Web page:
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Cancer sniffing dogs
With special training, dogs are being used to develop new diagnostic tests for certain illnesses by using their keen sense of smell.
Karin Caifa has more on what kind of diseases they're sniffing out.
Meet McBaine. Half researcher, half detective, this pup possesses an investigative tool that even Sam Spade would envy.
Like most dogs, the Springer Spaniel is equipped with an acute sense of smell that can detect chemicals and changes in odors that humans and technology cannot.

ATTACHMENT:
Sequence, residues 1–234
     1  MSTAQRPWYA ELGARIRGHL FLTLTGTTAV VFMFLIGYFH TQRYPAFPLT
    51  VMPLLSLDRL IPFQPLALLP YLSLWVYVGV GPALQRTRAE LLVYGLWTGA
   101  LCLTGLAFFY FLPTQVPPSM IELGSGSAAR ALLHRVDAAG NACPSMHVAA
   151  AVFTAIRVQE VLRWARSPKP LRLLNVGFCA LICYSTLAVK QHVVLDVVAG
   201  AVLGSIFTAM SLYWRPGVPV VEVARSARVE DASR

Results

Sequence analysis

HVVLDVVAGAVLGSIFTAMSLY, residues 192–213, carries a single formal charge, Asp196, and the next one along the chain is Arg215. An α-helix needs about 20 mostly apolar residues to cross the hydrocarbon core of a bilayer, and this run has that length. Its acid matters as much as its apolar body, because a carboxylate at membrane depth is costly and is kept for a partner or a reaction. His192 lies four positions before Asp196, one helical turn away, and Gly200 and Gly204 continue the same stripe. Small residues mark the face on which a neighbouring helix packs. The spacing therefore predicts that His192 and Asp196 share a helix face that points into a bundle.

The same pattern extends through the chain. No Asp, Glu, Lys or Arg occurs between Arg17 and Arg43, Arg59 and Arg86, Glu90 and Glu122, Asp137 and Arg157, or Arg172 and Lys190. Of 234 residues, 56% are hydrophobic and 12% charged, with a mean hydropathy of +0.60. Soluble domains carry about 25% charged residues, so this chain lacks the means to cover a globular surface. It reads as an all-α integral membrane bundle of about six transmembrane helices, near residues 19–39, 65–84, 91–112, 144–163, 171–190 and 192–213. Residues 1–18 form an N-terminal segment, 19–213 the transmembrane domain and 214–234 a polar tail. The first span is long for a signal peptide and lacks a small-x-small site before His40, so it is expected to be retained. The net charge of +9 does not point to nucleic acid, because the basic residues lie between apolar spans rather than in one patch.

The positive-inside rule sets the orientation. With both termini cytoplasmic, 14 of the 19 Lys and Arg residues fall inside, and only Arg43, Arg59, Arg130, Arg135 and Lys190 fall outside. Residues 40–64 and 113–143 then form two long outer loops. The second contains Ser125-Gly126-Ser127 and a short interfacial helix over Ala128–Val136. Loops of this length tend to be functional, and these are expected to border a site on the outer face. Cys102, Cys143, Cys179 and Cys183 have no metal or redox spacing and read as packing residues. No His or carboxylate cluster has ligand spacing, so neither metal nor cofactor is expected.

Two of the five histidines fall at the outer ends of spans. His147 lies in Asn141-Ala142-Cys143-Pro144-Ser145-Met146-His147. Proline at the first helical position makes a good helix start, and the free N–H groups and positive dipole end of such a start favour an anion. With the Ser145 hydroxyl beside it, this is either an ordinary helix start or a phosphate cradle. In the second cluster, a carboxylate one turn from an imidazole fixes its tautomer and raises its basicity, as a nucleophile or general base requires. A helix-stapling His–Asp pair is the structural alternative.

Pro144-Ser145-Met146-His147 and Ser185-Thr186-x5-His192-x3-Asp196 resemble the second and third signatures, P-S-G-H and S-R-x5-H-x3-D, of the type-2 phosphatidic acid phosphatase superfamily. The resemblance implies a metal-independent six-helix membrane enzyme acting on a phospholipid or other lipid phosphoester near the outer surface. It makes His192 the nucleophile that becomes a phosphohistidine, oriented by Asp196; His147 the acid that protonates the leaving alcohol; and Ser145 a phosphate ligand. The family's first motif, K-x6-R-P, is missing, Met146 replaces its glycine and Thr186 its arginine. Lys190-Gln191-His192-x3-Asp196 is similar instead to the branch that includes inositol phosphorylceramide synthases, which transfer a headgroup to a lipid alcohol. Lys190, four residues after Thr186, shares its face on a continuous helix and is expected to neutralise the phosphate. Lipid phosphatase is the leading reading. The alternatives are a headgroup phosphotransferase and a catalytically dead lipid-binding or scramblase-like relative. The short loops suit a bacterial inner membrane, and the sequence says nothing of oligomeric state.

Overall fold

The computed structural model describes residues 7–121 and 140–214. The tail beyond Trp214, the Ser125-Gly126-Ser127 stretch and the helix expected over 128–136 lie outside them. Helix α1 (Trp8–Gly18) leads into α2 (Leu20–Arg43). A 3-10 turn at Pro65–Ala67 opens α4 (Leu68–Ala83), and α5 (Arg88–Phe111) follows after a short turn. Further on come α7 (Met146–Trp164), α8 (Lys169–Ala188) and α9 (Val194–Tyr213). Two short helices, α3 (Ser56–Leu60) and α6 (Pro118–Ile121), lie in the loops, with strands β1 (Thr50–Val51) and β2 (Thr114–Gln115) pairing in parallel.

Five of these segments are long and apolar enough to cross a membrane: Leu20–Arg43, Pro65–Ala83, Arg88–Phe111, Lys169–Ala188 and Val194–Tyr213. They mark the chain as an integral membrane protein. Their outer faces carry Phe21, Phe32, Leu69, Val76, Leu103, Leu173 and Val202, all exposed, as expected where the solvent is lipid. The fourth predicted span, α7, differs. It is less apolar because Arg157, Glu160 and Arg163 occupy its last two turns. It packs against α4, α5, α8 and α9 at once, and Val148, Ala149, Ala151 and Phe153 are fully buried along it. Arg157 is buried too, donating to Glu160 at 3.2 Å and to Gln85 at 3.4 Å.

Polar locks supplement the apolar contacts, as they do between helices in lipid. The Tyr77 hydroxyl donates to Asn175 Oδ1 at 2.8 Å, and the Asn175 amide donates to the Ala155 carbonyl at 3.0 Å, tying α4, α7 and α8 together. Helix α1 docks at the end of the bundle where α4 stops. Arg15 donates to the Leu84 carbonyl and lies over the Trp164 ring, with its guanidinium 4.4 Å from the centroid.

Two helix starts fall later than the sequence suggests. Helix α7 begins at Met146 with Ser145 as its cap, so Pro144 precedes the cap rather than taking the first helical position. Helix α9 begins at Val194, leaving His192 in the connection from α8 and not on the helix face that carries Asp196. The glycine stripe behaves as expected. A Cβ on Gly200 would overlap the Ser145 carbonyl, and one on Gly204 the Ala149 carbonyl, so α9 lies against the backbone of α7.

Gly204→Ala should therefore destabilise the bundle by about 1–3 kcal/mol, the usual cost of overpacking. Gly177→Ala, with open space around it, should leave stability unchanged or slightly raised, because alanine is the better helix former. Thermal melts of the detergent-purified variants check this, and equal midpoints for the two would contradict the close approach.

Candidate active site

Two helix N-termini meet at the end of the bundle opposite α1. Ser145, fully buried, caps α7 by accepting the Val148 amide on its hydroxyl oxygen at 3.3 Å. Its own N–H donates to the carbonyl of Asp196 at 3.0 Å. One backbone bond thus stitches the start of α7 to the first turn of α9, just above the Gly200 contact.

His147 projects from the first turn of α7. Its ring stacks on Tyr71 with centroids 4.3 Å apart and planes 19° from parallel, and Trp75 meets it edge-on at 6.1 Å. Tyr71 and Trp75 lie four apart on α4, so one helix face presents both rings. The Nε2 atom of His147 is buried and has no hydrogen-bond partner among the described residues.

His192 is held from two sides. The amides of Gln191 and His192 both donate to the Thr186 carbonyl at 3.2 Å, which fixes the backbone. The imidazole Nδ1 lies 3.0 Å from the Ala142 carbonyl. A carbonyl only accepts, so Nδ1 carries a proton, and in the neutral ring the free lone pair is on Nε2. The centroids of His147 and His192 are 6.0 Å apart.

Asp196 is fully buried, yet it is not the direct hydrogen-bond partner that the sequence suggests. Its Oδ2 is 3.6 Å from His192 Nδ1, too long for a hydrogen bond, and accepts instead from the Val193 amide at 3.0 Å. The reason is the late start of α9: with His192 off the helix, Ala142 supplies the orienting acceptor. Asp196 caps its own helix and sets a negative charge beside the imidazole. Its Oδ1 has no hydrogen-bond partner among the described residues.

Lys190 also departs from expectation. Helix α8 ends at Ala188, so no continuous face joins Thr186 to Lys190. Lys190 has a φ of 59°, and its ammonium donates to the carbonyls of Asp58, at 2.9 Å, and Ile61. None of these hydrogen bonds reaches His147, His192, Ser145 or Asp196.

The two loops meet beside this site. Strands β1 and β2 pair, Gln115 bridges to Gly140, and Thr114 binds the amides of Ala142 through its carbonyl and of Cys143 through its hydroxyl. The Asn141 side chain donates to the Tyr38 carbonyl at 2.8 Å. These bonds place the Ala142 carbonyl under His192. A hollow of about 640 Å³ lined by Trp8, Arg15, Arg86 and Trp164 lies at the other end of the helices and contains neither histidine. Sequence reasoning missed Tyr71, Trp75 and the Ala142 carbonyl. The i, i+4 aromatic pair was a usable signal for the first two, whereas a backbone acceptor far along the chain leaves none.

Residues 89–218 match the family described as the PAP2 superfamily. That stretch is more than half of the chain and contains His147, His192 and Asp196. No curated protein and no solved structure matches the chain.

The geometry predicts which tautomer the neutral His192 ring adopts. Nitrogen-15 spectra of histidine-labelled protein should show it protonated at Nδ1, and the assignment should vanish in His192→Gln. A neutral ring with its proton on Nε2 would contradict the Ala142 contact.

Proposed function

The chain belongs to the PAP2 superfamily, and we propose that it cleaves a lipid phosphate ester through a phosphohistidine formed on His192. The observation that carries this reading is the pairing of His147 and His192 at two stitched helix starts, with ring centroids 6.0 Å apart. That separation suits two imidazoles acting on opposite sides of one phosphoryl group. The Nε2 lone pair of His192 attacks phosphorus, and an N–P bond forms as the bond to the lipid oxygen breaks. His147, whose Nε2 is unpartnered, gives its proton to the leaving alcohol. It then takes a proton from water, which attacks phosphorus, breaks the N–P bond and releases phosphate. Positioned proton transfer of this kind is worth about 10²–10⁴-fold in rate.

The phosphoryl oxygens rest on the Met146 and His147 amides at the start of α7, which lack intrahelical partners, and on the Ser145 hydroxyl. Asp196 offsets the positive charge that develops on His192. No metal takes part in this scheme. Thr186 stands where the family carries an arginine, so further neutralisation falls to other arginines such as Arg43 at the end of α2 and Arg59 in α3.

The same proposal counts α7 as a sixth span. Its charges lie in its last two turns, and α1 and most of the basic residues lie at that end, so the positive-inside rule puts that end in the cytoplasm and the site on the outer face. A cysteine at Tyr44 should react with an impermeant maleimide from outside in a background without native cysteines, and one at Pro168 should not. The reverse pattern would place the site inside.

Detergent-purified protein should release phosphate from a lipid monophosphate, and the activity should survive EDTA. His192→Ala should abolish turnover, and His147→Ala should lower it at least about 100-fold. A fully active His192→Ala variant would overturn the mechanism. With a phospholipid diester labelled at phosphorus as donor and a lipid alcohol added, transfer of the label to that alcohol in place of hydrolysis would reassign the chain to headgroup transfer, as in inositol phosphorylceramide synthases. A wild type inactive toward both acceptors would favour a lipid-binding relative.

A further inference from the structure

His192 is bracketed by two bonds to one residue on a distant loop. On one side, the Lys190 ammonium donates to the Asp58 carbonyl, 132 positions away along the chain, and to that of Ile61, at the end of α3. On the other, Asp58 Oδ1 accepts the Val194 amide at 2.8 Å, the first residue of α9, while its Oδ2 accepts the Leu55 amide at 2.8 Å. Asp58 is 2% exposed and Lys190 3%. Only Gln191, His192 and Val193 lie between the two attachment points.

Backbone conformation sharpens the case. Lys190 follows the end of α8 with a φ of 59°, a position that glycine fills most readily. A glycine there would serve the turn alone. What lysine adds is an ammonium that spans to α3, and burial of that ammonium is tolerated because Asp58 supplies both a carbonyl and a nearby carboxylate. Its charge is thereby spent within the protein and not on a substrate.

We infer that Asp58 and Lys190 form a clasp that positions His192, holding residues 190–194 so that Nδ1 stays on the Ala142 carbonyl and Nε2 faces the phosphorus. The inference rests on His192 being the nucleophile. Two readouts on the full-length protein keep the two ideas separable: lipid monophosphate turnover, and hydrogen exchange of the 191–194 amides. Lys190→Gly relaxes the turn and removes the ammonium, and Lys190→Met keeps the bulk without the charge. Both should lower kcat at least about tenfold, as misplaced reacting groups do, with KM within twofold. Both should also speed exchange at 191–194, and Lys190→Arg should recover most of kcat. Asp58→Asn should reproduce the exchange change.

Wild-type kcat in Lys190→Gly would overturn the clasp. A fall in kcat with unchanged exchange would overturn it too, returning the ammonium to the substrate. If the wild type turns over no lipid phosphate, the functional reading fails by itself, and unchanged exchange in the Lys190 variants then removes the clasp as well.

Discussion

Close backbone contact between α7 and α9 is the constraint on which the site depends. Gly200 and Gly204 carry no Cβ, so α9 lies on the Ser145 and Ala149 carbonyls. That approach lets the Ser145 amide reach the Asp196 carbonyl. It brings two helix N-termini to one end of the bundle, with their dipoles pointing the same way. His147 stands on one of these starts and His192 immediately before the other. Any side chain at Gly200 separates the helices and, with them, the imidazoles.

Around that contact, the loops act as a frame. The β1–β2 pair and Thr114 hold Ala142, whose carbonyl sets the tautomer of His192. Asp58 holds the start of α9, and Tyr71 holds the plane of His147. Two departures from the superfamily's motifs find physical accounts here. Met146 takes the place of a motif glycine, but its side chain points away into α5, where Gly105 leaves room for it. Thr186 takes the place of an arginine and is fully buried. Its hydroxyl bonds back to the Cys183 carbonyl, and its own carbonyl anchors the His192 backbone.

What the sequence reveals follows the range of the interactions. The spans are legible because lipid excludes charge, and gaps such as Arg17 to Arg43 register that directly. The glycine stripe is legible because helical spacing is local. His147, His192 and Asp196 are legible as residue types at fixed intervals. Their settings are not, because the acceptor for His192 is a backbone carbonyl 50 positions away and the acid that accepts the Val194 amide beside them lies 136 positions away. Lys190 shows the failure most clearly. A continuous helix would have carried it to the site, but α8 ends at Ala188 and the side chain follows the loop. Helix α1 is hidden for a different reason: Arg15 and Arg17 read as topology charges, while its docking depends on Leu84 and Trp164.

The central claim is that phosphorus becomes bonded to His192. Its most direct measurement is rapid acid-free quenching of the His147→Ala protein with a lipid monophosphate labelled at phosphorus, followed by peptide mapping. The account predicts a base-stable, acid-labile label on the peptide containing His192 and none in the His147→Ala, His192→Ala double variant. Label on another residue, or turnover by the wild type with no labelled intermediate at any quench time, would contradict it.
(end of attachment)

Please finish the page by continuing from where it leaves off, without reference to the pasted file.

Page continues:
"The great thing about dogs is not only are they more sensitive but they can filter things out."
In this case, McBaine and other dogs at the Penn Vet working dog center in Philadelphia, have been taught to sniff out ovarian cancer tissue.
Why this particular cancer?
Scientists know that early ovarian cancer cells have special odors that can't be identified by standard methods, because they intertwine with other odors in the tissues.
But a dog can recognize and weed out the cancer odor easily, much like McBaine is doing here.
"We switch the sample location we change things around just to make sure that we are very confident that that's what detecting."
By using the dog's sense of smell, researchers hope to narrow down a specific odor so scientists can design a blood or urine test that can detect ovarian cancer in its earliest stages.
"We are trying to use the dogs to perfect the chemistry."
Something McBaine and his four legged buddies are more than happy to do.